Acknowledgements This document was endorsed by the Organizing Committee of the Working Party on Global Blood Safety of the © 2020 International Society of Blood Transfusion Vox Sanguinis (2020)

COVID-10 convalescent plasma 3

International Society of Blood Transfusion: W. Martin Smid (chair), Thierry Burnouf, Jay Epstein; Hany Kamel, Cees Smit Sibinga, Daniel Somuah, Susan Stramer and Silvano Wendel. The authors express their appreciation to Diana Teo, Michael Busch and Micha Nuebling for their comments on the draft document.

Disclaimer Jay Epstein’s contributions to this article reflect his own views and should not be construed to represent FDA’s views or policies.

References 1 WHO Blood Regulators Network: Position paper on use of convalescent plasma, serum or immune globulin concentrates as an element in response to an emerging virus 2017. https://www. who.int/bloodproducts/brn/2017_BRN_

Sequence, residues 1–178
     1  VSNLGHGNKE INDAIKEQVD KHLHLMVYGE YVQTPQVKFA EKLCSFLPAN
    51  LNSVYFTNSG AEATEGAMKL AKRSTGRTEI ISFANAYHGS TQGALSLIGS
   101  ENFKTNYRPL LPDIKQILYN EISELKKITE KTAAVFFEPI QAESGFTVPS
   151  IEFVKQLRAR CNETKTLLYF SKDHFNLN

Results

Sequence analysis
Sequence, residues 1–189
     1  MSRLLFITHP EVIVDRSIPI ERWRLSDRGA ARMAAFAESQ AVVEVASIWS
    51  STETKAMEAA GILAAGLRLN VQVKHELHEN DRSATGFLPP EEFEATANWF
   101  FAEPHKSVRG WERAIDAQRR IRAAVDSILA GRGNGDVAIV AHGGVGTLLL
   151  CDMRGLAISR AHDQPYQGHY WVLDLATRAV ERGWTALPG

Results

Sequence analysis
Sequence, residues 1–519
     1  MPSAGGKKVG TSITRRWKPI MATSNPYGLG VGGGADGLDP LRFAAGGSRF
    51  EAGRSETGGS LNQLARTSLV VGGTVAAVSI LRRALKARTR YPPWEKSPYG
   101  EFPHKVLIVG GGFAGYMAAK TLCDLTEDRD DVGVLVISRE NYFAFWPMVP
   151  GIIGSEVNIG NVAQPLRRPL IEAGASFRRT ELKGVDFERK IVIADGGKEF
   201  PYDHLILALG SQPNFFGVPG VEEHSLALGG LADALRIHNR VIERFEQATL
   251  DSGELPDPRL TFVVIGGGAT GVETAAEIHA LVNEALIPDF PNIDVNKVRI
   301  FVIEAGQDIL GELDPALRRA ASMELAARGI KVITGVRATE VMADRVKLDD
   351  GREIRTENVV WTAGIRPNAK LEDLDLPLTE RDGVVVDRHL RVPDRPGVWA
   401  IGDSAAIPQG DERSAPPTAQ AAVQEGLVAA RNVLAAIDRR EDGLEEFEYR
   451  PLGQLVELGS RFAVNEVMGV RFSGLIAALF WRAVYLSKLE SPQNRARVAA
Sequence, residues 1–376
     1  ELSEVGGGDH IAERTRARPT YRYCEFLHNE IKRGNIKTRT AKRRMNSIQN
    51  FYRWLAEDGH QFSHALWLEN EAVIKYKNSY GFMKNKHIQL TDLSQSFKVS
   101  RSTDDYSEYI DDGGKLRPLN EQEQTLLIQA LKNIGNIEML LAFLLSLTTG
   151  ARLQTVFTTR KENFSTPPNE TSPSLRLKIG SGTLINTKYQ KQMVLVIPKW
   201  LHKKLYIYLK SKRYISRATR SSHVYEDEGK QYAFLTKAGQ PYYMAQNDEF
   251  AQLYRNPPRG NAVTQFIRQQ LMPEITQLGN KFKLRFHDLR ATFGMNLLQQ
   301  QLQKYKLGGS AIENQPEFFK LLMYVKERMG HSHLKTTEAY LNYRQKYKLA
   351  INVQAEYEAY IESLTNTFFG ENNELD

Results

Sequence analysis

PositionPaper_ConvalescentPlasma.pdf? ua=1 [Last accessed 6 May 2020] 2 WHO Blood Regulators Network (BRN): Donor selection in case of pandemic situations 2007. https://www.who. int/bloodproducts/brn/DonorSelection

© 2020 International Society of Blood Transfusion Vox Sanguinis (2020)

incaseofPandemicSituations.pdf? [Last accessed 6 May 2020] 3 Toy P: Update on transfusion-related acute lung injury. Clin Adv Hematol Oncol 2019; 17:378–381
Points to consider in the preparation and transfusionof COVID-19 convalescent plasma